BOSTON, Aug. 23 (UPI) — People who buy commercial bottled tea may not be getting the healthful doses of antioxidants, or poylphenols, they expect, U.S. researchers found.
Shiming Li, a chemist at WellGen Inc., a biotechnology company in North Brunswick, N.J., and colleagues said tea drinking in the United States has increased significantly largely because of the research linking tea to a boost in immunity via poylphenols — a group of natural antioxidants associated with anti-cancer, anti-inflammatory and anti-diabetic properties.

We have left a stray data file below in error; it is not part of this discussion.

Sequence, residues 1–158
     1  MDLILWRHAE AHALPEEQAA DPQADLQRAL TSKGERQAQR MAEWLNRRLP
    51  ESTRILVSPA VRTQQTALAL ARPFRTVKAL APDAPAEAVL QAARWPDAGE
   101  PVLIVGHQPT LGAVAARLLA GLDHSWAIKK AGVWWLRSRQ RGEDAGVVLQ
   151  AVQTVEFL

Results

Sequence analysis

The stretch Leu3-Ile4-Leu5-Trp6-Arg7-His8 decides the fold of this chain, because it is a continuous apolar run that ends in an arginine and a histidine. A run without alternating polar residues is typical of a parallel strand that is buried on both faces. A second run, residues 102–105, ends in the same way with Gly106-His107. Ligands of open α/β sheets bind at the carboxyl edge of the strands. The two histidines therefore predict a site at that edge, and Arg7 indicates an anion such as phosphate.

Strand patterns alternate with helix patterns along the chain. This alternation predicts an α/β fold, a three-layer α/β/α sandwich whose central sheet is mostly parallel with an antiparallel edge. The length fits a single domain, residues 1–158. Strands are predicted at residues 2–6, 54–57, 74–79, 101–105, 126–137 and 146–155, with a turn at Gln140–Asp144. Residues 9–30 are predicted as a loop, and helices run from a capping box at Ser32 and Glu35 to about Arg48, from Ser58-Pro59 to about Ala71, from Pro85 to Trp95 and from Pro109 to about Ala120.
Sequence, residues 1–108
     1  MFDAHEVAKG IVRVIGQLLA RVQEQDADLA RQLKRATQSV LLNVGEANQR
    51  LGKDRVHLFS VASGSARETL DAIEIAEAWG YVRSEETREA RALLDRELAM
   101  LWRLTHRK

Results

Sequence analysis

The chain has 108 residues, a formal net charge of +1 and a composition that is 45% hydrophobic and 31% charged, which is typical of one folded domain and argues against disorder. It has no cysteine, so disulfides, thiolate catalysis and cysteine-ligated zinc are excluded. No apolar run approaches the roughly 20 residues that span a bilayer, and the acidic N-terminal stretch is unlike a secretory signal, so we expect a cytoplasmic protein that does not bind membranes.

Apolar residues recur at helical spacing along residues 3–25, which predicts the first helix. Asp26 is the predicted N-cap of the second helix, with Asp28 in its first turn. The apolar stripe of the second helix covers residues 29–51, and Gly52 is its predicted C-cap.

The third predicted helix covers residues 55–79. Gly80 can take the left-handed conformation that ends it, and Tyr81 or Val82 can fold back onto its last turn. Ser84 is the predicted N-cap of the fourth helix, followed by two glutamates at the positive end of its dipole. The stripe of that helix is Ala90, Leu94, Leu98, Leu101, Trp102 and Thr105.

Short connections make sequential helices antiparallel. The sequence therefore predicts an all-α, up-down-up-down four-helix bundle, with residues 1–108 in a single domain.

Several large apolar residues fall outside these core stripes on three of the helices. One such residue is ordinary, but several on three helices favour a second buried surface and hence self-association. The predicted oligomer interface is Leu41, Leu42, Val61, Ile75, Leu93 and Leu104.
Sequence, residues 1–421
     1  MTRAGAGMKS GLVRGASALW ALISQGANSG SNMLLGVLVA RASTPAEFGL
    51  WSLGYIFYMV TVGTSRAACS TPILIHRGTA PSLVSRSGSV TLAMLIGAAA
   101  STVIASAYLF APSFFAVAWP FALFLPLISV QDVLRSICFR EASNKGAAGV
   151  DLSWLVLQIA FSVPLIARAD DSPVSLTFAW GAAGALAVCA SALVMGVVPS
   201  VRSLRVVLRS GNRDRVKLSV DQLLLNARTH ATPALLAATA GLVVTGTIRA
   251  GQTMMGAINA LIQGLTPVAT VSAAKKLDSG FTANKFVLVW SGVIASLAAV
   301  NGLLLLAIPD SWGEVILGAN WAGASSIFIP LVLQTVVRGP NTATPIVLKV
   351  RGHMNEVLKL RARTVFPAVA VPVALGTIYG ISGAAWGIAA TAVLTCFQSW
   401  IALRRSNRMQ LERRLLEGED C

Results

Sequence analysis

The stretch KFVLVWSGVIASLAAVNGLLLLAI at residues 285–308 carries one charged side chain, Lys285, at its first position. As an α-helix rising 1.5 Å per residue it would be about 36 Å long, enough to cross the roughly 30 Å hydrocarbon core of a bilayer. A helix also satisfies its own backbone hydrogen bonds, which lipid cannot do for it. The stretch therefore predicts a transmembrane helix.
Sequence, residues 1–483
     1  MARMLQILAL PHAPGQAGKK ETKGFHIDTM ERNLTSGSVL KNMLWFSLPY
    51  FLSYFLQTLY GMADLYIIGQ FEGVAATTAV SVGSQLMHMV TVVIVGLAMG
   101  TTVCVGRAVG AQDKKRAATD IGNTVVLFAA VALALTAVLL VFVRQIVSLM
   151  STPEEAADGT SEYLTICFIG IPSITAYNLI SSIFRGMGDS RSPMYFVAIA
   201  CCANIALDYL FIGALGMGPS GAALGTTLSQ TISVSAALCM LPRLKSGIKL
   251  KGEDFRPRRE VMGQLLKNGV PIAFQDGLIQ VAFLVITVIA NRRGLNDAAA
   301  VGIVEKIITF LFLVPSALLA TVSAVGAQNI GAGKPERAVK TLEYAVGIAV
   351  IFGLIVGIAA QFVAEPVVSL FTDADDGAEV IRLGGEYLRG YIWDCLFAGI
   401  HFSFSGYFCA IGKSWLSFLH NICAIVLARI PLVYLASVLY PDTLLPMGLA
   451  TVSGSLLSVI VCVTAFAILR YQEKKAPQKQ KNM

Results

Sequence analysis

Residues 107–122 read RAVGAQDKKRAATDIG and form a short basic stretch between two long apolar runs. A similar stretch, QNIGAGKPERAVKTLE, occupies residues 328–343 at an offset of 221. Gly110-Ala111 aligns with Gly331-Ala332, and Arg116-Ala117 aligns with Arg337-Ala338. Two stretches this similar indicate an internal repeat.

The researchers measured the level of polyphenols of six brands of tea purchased from a supermarket.
The study found half of the teas contained what Li described as “virtually no” antioxidants, while the rest had so little Li said they probably would carry little health benefit. Specifically, the six teas Li contained 81, 43, 40, 13, 4, and 3 milligrams of polyphenols per 16-ounce bottle of commercial tea, compared with one average cup of home-brewed green or black tea contains 50-150 mg. of polyphenols.
“I was surprised at the low polyphenol content” Li said in a statement. “I didn’t expect it to be at such a low level.”
The findings were presented at the 240th national meeting of the American Chemical Society in Boston.
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